Public financing of presidential campaigns is on life support, and it’s time to pull the plug.
This week, Senator Jeff Flake issued his latest list of wasteful federal spending, which noted that $1 million in taxpayer money went to a long-shot presidential campaign that most Americans have already forgotten.
You may have noticed that check box on your income-tax return, inviting you to direct $3 of your federal tax bill to a government-managed fund that matches the money raised by presidential candidates who meet certain criteria and accept spending limits. Checking the box has no effect on the amount of taxes owed, but the program is not popular: just 6 percent of taxpayers opted in in 2013.
That government fund isn’t running out of money, though, because most serious candidates forego matching funds, calculating that they can raise more without the spending limits. This wasn’t always the case; if you hate the idea of taxpayer money being spent on presidential campaigns, you can thank Barack Obama, a self-proclaimed supporter of public financing, for inadvertently making it look like a loser’s bet.
From 1976 until 2008, most major-party candidates participated in the program; in 2008, Barack Obama became the first major candidate to reject public funding in the general election, calling his huge network of donors a “parallel public-financing system.” Obama went on to outspend opponent John McCain, who took the matching funds, four to one, and win the election going away.
In 2016, primary candidates were eligible for a maximum payment of $24 million from the campaign fund, but had to agree to limit total expenditures to less than $58 million. If a major-party candidate chose to accept public funds in the general election in 2016, the total payment from the FEC would have been $96 million. That sum is chump change in a world where Hillary Clinton’s campaign spent $576 million.
So no serious major-party candidate would agree to this sort of arrangement. But former Maryland governor Martin O’Malley was not a serious candidate; he amounted to an asterisk in the story of the 2016 Democratic primary. And he figured public matching funds would be a good deal for his cash-strapped campaign.
On January 20, 2016, the FEC sent O’Malley for President a check for $846,365.09. On February 1, O’Malley suspended his campaign after a dismal showing in the Iowa caucuses. By year’s end, the FEC had given his short-lived campaign a bit more than $1 million. The campaign went on to spend $343,638.92 in 2016, according to FEC data — mostly settling bills for accounting, legal, printing, and consulting expenses. The good news is that O’Malley didn’t stiff his vendors. The bad news is your tax dollars helped settle the books.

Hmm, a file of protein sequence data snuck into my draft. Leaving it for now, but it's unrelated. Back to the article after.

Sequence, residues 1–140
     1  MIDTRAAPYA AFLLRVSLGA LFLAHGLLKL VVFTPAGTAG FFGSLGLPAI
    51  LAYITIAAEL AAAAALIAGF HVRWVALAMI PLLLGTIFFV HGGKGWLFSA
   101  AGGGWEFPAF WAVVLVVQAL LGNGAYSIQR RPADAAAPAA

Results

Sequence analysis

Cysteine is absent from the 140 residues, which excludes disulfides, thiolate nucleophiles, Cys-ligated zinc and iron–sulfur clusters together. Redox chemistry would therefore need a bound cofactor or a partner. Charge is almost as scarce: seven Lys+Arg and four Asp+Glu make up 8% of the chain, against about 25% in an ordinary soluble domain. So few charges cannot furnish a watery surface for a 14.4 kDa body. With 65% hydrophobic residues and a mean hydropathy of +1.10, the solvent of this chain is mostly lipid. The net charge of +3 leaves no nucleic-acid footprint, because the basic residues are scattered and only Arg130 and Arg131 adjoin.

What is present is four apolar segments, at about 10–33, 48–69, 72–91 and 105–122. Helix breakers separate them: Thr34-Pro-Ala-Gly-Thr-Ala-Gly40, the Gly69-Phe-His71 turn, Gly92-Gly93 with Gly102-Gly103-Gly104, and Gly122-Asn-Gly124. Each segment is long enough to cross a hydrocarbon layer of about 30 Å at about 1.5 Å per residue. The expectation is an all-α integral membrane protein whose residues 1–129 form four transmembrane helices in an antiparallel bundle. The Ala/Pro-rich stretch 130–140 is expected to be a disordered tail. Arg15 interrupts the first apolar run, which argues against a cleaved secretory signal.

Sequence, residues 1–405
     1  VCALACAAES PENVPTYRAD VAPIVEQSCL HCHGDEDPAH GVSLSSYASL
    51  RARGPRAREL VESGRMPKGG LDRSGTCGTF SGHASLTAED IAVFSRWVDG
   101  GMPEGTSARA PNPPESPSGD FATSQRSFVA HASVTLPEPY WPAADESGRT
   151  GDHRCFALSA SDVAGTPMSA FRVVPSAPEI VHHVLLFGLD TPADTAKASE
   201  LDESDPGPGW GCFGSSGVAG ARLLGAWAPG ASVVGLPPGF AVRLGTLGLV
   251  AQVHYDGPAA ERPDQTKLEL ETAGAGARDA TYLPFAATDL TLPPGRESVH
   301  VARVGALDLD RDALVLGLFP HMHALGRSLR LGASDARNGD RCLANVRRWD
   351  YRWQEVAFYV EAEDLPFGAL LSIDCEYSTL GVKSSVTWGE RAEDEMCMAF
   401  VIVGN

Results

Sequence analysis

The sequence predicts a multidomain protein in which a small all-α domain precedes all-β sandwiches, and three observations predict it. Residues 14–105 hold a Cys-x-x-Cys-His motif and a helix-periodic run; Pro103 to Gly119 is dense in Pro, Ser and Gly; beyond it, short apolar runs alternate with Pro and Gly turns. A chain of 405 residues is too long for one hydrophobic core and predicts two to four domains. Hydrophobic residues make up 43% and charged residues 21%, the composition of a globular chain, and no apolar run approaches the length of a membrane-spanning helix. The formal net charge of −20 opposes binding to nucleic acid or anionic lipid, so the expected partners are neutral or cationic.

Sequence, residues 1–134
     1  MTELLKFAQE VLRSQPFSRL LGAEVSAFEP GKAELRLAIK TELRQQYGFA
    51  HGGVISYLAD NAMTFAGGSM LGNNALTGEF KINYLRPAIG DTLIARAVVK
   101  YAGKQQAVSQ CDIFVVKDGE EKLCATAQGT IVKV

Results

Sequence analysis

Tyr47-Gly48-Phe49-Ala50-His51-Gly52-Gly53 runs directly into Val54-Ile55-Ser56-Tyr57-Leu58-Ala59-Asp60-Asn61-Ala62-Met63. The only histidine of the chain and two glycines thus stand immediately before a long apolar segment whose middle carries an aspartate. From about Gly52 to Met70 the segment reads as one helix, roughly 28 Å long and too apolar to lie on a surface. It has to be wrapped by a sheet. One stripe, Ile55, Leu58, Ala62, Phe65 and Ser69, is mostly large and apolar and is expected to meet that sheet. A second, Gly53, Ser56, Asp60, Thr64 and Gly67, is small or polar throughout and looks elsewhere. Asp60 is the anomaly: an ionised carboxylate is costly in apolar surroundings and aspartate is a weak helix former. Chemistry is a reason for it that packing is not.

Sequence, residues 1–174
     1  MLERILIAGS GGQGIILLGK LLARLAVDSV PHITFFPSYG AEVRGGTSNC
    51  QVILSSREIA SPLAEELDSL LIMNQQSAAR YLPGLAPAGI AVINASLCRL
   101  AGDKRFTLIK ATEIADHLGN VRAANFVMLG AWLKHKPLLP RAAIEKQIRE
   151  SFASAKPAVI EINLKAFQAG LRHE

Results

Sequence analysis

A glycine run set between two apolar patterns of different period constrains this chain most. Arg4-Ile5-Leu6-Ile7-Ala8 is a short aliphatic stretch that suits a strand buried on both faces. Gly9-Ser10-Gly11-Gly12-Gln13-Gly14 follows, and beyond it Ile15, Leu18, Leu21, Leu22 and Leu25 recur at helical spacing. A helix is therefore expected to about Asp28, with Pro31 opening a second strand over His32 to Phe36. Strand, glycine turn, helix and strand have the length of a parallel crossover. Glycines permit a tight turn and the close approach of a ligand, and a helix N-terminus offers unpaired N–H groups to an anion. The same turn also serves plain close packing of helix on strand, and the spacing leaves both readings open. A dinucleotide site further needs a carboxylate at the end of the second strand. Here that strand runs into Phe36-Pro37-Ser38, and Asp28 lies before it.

Public financing is a bad deal for a serious presidential campaign. But if you’re a D-list candidate who wants to raise his profile in the eyes of those handing out book deals and cable-news shows, it’s a terrific deal. If you can raise $100,000 by collecting $5,000 in 20 different states, you’re eligible for matching funds, up to $250 for every individual donor.
That doesn’t trouble public-financing advocates, who argue that the problem with the system is that the spending caps and the value of the matching funds have to be dramatically raised. In the last Congress, several Democrats introduced legislation to increase the current voluntary income tax “check off” amount from $3 to $20 per individual, increase the taxpayer matching to $6 for every $1 raised, and eliminate spending limits on participating candidates. In other words, give more taxpayer money to candidates with fewer restrictions.
Enough. Since Obama’s 2008 decision, candidates of both parties have “voted with their feet”; no one wants public financing badly enough to accept the risk of defeat. In 2014, Congress passed and Obama signed legislation to end the public funding of party presidential conventions, removing one major way that taxpayer dollars supported partisan activities. It’s time to do the same for campaigns.
— Jim Geraghty is National Review’s senior political correspondent.